High Inflation & Rising Interest Rates: How Should Investors Respond? (Part 2)

2 min read

As we discussed in the first part of this two-part series, interest rates are climbing as the Federal Reserve acts to stem surging inflation. Investors are now asking how they should respond to these developments — and in the previous post, we discussed two ways: utilizing alternative investments and constructing a bond ladder with municipal bonds or corporate bonds.

In this post, I outline an additional strategy and products that investors should consider, in response to the current market dynamics.

Diversification: Building a diversified portfolio of stocks and bonds is another strategy to mitigate risk, as inflation and interest rates rise. Ideally, this means building an allocation percentage to stocks based on your risk tolerance and the right mix of fixed income securities. To that end, the following types of fixed income securities are excellent options for investors diversifying their portfolio:

●     TIPS: Treasury Inflation-Protected Securities are bonds whose principal and interest rate payments climb along with inflation and are available in 5-year, 10-year, and 30-year maturities. The inflation protection offered by TIPS adds to their price. TIPS are more expensive than conventional Treasury bonds to purchase, but they offer diversification during higher inflation.

●     Short Duration Bonds: Short-term bonds, or fixed-income securities with a small amount of time to maturity, are less likely to fall in price due to rising rates because rates are less likely to move up or down over a short period. These bonds are considered liquid, easily accessible, and relatively safe.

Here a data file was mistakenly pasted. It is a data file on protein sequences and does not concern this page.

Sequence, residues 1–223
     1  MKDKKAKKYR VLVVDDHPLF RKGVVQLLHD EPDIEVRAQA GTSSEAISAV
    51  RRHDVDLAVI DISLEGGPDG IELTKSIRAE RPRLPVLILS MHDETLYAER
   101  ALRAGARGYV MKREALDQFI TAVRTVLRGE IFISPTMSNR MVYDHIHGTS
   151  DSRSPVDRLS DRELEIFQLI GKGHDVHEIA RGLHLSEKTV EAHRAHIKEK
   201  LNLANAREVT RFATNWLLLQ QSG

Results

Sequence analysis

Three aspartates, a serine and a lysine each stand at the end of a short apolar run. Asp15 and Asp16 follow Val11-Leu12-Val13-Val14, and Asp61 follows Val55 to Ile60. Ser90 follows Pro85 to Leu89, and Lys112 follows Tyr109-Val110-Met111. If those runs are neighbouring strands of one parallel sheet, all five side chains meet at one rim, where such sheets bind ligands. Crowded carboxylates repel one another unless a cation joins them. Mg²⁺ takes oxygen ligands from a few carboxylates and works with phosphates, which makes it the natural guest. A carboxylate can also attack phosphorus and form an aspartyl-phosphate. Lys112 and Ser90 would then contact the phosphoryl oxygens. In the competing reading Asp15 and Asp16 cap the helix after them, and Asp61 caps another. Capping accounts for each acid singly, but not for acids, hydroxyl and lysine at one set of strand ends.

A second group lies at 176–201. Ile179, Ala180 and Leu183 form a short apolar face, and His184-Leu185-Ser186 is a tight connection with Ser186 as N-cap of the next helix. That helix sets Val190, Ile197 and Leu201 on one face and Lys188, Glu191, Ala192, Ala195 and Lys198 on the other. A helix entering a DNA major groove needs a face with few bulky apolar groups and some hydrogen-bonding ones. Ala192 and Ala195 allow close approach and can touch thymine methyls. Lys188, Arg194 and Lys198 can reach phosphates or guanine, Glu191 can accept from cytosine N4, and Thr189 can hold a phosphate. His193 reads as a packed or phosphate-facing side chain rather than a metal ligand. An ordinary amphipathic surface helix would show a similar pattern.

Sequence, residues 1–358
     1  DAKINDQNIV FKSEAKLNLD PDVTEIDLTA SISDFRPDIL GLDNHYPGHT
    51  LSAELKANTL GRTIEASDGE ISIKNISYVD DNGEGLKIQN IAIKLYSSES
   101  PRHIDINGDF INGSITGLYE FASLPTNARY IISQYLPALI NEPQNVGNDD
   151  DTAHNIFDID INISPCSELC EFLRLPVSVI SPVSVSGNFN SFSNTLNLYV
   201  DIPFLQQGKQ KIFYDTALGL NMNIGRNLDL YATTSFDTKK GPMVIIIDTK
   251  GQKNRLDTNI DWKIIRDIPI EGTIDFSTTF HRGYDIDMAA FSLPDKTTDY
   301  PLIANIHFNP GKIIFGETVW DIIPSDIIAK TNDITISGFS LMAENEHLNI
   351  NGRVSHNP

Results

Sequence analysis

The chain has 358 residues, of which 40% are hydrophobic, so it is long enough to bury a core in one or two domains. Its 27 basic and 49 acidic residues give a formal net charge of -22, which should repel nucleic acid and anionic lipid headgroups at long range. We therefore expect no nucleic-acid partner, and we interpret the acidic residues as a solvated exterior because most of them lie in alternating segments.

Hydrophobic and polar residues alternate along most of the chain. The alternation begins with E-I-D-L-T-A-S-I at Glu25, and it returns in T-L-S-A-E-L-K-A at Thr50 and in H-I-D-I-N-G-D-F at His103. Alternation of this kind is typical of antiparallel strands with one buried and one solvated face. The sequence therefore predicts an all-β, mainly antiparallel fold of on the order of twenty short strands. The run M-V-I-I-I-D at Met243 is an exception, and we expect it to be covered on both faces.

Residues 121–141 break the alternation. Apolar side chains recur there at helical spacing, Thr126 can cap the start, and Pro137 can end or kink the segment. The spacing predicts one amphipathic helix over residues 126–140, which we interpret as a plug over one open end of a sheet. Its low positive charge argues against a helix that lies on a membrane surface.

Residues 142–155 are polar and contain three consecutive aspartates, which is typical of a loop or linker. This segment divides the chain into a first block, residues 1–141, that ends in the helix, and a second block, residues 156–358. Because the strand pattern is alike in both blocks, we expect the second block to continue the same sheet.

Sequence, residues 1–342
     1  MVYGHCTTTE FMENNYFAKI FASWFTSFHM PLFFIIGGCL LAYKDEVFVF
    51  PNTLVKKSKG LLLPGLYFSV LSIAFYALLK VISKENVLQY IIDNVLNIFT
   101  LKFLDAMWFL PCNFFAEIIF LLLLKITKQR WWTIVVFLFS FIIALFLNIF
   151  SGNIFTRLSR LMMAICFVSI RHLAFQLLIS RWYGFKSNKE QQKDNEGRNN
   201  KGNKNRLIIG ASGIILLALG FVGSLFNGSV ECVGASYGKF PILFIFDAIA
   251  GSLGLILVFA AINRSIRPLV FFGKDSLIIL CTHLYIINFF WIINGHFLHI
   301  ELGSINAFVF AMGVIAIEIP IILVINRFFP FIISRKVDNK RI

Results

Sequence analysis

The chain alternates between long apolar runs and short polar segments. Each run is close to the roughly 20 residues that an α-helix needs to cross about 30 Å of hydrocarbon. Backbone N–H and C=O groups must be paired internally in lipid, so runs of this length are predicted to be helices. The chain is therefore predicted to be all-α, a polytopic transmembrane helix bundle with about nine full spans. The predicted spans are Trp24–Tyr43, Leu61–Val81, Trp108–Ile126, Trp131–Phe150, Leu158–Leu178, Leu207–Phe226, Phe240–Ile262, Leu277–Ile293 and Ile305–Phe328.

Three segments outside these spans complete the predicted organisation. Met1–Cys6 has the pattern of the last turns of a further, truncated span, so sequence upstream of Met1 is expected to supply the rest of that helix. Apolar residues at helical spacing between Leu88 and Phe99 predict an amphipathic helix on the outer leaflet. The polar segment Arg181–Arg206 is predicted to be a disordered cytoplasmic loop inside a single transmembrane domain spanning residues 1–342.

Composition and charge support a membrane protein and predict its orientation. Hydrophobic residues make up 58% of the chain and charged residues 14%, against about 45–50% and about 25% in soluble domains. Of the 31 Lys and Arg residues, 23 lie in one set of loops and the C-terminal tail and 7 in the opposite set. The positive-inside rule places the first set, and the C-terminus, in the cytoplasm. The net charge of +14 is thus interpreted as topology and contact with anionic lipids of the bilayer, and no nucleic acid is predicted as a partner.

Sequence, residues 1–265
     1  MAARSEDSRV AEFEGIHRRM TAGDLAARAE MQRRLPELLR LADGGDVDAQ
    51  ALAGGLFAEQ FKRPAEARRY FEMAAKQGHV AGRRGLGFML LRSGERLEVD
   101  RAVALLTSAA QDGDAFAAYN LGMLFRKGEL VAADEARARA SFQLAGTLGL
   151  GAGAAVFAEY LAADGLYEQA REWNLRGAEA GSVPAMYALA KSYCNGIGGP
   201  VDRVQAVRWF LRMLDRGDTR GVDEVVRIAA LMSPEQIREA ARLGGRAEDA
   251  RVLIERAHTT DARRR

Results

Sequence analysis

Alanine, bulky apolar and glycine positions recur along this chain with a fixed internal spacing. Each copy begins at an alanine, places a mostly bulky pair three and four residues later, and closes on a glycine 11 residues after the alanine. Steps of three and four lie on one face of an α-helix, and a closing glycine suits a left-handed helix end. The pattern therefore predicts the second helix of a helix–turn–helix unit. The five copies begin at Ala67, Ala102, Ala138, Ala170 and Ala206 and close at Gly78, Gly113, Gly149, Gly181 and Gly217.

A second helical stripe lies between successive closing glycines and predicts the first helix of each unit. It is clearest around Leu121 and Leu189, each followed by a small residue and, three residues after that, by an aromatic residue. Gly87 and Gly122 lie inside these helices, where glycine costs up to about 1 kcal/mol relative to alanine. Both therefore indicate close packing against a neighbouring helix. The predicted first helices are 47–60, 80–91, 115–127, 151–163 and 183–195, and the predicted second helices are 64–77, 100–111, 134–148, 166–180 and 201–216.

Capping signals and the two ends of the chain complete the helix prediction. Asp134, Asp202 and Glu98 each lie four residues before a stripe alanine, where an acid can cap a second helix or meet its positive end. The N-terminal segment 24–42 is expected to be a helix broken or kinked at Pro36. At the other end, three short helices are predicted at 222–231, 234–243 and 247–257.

Asset management company PIMCO explains that the price of a bond with a one-year duration would decline by 1% if rates rose by 1%. In contrast, a bond with a10-year duration would lose 10% (price drop) if rates climbed 1%.

Long-term bonds are considered more susceptible or at risk from rising inflation rates than short-term bonds. Inflation causes bond yields to shoot up, and rising yields hurt long bonds more than short bonds. That's because there is a greater chance that interest rates will increase and lower the bond's market price over a more extended period than within a shorter period.

●     Convertible Bonds: These bonds, hybrids with characteristics of both bonds and equities, have historically performed better than traditional fixed income assets during periods of rising rates and have also helped moderate equity market volatility. They have fixed-income qualities and can be affected by rising interest rates. Still, they also can take on equity qualities because of the issuer's option to convert them into a predetermined number of issuer shares.  

Using these products, investors can build a portfolio that appropriately manages risks in the current environment.  


The three strategies outlined in this series — alternative investments, a bond ladder and diversification — can help investors protect the value of their investments and find opportunities to benefit from the changing market dynamics. At Farther, we are confident that we can assist you in selecting investments that are appropriate to help diversify your portfolio and meet your investing objectives.

John Brenard

John is an SVP Wealth Advisor and has more than 10 years of experience in the wealth management industry assisting high net worth clients in all aspects of asset management. He has a history of demonstrating a deep understanding of financial markets and diverse business environments while exhibiting sound judgment and the highest level of integrity.

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